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ELLIPSES. in antithetical sentences

Antithetical sentences frequently do not repeat pronouns, verbs, &c.

“What most he should dislike seems pleasant to him,
What (he should) like, (seems) offensive.

Sometimes the verb has to be repeated in a different tense.

“To know our enemies' minds we'ld rip their hearts:
(To rip) Their papers is more lawful.

“To be acknowledg'd, madam, is (to be) overpaid.” Ib. iv. 7. 4.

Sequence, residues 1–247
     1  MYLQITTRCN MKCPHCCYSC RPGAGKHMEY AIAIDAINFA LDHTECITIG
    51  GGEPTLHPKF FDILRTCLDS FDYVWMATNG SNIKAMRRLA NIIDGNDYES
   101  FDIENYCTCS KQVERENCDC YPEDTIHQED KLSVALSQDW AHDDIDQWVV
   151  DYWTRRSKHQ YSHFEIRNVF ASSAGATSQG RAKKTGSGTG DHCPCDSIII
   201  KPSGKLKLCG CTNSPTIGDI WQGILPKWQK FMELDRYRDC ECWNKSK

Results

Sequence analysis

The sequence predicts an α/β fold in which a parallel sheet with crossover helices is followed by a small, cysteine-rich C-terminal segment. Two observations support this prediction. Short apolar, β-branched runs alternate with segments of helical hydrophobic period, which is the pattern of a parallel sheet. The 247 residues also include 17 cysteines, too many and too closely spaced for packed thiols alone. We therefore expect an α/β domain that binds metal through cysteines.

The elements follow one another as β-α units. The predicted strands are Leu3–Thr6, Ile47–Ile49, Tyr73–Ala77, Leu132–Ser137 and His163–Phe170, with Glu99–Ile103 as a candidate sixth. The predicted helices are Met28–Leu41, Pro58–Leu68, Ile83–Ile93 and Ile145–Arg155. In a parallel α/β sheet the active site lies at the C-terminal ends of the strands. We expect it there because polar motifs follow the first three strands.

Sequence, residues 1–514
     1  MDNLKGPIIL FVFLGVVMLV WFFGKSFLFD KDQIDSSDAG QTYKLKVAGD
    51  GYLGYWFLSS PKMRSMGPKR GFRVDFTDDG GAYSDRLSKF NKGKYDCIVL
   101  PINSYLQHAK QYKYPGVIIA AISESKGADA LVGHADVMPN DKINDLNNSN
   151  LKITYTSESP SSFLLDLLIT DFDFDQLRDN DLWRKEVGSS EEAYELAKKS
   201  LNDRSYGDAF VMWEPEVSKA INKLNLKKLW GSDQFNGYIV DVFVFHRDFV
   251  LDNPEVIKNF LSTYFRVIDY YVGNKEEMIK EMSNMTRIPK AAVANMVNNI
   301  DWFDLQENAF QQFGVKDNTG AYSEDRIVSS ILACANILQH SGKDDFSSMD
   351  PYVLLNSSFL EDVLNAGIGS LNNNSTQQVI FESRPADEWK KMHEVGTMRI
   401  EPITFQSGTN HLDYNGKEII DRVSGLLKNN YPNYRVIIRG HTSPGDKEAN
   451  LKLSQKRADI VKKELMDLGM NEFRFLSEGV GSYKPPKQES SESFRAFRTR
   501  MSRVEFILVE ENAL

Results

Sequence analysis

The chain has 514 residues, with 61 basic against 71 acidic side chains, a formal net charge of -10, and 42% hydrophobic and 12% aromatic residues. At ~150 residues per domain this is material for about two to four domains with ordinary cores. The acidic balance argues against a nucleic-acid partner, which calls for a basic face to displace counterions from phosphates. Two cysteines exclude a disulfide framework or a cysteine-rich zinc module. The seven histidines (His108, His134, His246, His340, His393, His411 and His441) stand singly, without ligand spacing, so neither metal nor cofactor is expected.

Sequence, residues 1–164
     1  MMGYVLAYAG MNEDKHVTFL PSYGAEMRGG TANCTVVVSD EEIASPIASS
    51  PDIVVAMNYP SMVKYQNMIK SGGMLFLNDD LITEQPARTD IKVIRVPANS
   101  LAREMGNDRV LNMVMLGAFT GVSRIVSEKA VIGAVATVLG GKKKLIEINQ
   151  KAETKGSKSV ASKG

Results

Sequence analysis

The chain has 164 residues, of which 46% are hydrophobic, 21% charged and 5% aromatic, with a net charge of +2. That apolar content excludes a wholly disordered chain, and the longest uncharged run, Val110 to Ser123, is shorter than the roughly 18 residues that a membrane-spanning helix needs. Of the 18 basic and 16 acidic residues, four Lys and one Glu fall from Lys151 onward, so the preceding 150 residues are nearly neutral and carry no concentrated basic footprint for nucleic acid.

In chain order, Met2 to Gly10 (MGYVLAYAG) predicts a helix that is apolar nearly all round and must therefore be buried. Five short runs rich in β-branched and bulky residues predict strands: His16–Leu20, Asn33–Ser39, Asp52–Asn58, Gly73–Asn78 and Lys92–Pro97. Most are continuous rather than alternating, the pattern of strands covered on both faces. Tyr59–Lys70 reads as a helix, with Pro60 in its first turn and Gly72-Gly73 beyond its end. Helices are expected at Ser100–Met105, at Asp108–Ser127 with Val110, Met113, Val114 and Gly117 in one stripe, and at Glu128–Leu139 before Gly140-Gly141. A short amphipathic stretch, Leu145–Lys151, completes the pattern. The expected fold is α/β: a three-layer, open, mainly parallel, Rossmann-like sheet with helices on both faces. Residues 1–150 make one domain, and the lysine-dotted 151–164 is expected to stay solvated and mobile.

The antithesis often consists in the opposition between past and present time.

“I meant to rectify my conscience, which
I then did feel full sick, and yet (do feel) not well.

“And may that soldier a mere recreant prove
That means not (to be), hath not (been), or is not in love.

“She was beloved, she loved; she is (beloved) and doth (love).” Ib. iv. 5. 292.

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